Ancient creed animates author Ashok Mathur's A Little Distillery in Nowgong
“I’ve always been interested in telling stories,” says Ashok Mathur, “and for me, stories don’t stop with any form of reality.”
Which is no doubt why the Kamloops-based author’s third novel, A Little Distillery in Nowgong (Arsenal Pulp Press, $27.95), is narrated by an unborn child of indeterminate sex, and why the ghost of the narrator’s grandmother also plays an active role in the plot. Mathur avoids the term magic realism, preferring to call his work “fantastical”, and that it certainly is—although in this case the imaginary is thoroughly rooted in the real-life particulars of the author’s half-Hindu, half-Parsi heritage.
“The earlier novels that I’d produced had been takes and retakes of various forms of mythology and cosmology, mostly Hindu cosmology,” Mathur explains, reached on his cellphone while on a field trip to the PuSh Festival in Vancouver. “And I was becoming more and more fascinated with my mother’s history, which was Zoroastrian, Parsi history.
“She’s a great storyteller,” he continues. “So I wanted to riff off that and create an artifact that would be respectful of those stories, but that would also encourage others—and myself as well—to enter into a new exploration.”
One of several threads explored in A Little Distillery—which otherwise follows the Khargat family’s peregrinations through India, to the U.K., and eventually to Canada—is the Zoroastrian faith. The author doesn’t go into the details of that religion’s rituals, but his narrative is coloured by its central tenets: humata, hukhta, and huvarshta, or “good thoughts”, “good words”, and “good deeds”.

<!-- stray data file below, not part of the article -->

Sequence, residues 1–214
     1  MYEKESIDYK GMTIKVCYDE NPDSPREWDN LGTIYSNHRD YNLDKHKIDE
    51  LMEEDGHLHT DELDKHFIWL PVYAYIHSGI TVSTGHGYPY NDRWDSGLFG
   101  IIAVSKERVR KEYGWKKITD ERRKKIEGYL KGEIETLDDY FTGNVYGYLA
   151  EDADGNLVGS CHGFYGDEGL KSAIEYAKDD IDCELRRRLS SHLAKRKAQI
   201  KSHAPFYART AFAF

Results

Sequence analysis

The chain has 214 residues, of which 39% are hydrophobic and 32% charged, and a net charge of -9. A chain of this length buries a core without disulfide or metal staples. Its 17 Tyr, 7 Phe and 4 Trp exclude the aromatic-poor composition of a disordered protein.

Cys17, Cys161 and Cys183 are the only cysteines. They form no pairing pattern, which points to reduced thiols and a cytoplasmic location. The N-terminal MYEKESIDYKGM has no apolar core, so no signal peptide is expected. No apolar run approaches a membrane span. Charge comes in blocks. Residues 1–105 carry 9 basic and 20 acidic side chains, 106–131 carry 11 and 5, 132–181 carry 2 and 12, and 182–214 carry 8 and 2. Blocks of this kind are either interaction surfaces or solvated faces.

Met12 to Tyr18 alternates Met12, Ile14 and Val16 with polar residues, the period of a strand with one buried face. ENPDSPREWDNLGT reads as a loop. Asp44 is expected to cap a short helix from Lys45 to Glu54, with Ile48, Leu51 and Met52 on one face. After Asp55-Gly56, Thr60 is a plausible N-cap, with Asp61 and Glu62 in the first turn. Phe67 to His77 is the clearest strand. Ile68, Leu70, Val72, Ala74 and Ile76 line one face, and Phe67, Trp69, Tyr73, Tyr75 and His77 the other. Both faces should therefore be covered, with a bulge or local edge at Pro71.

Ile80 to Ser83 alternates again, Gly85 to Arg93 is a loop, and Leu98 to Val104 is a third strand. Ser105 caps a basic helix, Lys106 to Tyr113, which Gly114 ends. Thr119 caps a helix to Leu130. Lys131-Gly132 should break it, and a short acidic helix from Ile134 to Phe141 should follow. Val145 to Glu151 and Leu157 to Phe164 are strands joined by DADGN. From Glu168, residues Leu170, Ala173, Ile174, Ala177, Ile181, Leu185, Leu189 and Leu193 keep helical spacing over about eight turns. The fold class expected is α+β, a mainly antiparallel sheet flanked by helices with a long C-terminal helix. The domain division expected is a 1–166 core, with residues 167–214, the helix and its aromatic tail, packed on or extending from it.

“This is another thing from my mother,” says Mathur, whose maternal grandfather was a dastur, or Zoroastrian priest. “She was very, very strong on these religious tenets. And she’d say, ”˜Well, they’re so practical! It makes sense for everyone to live by them, whether they believe in Zoroastrianism or not.’ ”
His own interpretation of this creed means that Mathur feels a pronounced sense of responsibility, both to his forebears and to future generations. “We tend to think that we live in an existence of right now, which we do,” he explains. “And we also live in a place with a past and a future.”
Honouring all three dovetails nicely with Mathur’s work as director of Thompson Rivers University’s Centre for Innovation in Culture and the Arts in Canada, a multimedia resource centre and think tank for artists whose work touches on aspects of the colonial past, the fractured present, and the multicultural future.
“I think the lab that I have there is really a social experiment that reflects the sort of creative process that artists are interested in, which is ”˜Let’s try this!’ ” he notes.
Mathur’s next literary project is emblematic of his work with CICAC. It’s an imaginative retelling of the history of John Fremont-Smith, a native of the U.S. Virgin Islands who escaped slavery to become a pioneer in the B.C. bush and, eventually, a Kamloops city alderman.
“He was among the first non-Native persons to be moving into this region; in fact, he joked about being ”˜the first white man in the area’, ” Mathur says. “But you look at his pictures and it’s very evident that he’s not, unless by ”˜white’ you mean ”˜non-Native’. So it’s very interesting, this history of identity and race and colonization and recolonization.”
Making it even more fascinating is that the author now lives in a building that Fremont-Smith once owned. It’s also where the former prospector died, and the author says he can sometimes feel a lingering presence in his apartment.
“There’s a particular place that, when I’m standing there, I always see something through my peripheral vision on my right-hand side,” he says. “It’s almost as if you’re living in a house full of people and someone’s just gone down the hall.
“Ghosts, of course, mean many things to many different people,” he adds, and this particular revenant is more encouraging than antagonistic—one more sign, Mathur feels, that he’s on the right track.